Owning and interacting with pets, according to studies, can be a form of therapy for many. We have dedicated Saturday to dogs and Wednesday to cats, when we will post an article on each of those days. We will also post articles on occasion about other animals people may have as pets. – Editorial Team
Choosing The Right Dog Breed
Were you aware that there are literally hundreds of distinct dog breeds? When you decide to get a dog, choosing the right dog breed for you and your family is essential. With so many different dog breeds available, this can become a very daunting task. Luckily, there are ways in which you can narrow down your options somewhat, making the whole thing a lot easier.
First and foremost you should be considering one major factor….. How much space do you have? If you live in an apartment there is little point in getting a large dog that takes up a lot of room and may also need a lot of exercising. For living areas with limited space, consider the Toy group of dogs such as the Terrier Group or Miniature Pinscher. Also the cost of keeping your dog should be evaluated. Very large dogs may eat significant amounts of food whereas smaller dogs will eat very little in comparison. Try doing a rough calculation of cost for several different dog breeds over a twelve month period. Take into consideration food and regular visits to the vet for inoculation, worming etc. You will see that larger dogs are very often much more expensive to keep.
If you have children, you may want to consider what dog breed would suit them. Children can be quite heavy handed with pets sometimes; getting a Chihuahua for example may not be such a good idea as they are delicate animals. Similarly, having a Great Dane or Saint Bernard marauding around the house could be dangerous for a child. The age and number of children you have should definitely be considered as this will affect what type of dog would best suit your circumstances.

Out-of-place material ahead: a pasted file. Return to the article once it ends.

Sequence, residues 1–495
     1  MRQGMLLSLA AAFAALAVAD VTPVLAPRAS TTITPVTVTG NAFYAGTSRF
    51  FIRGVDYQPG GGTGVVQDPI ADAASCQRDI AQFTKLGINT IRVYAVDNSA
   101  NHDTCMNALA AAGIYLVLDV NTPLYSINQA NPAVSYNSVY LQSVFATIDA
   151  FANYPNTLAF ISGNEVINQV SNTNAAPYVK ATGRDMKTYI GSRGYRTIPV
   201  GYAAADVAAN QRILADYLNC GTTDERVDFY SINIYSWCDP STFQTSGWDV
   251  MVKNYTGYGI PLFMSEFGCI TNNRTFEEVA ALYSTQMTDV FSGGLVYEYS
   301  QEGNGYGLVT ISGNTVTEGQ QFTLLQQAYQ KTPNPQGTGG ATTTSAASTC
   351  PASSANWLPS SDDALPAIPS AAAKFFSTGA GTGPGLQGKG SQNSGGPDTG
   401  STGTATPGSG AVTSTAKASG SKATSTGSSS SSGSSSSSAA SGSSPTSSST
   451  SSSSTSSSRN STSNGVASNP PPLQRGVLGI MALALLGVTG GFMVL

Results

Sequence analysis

Another major point to consider is how much exercise you can offer your dog. If you have a reasonable sized yard, fencing it off will provide a good space for your dog to exercise itself. If you live in an apartment, consider getting a dog that requires very little exercise. An excitable Border collie would be a poor choice for an apartment life. Also, how much exercise can YOU put up with? There is no point getting a dog that requires lots of exercise such as a Hunting or Sporting dog breed if you cannot keep up the exercise regime. Try and get a dog that suits your lifestyle.
Grooming you dog is something to think about. If you do not have a lot of spare time in your life try to avoid dog breeds like the Standard Poodle which will need very regular grooming sessions. The short haired Terriers or Whippets make a good choice for somebody who has little time to sit and groom for hours at a time. Conversely if you have a lot of free time, regular grooming sessions with your dog will provide you both with a lot of quality time that you will both enjoy.
When choosing your dog, take a look at the bigger picture. Try to resist the temptation to go for the cutest, cuddliest, adorable dog you can find. Consider your lifestyle, your home, your family and try to find a dog breed that fits best with your life. After all, your new dog will be sharing your life with you for many years to come so making sure that you are both happy is an important thing to consider.
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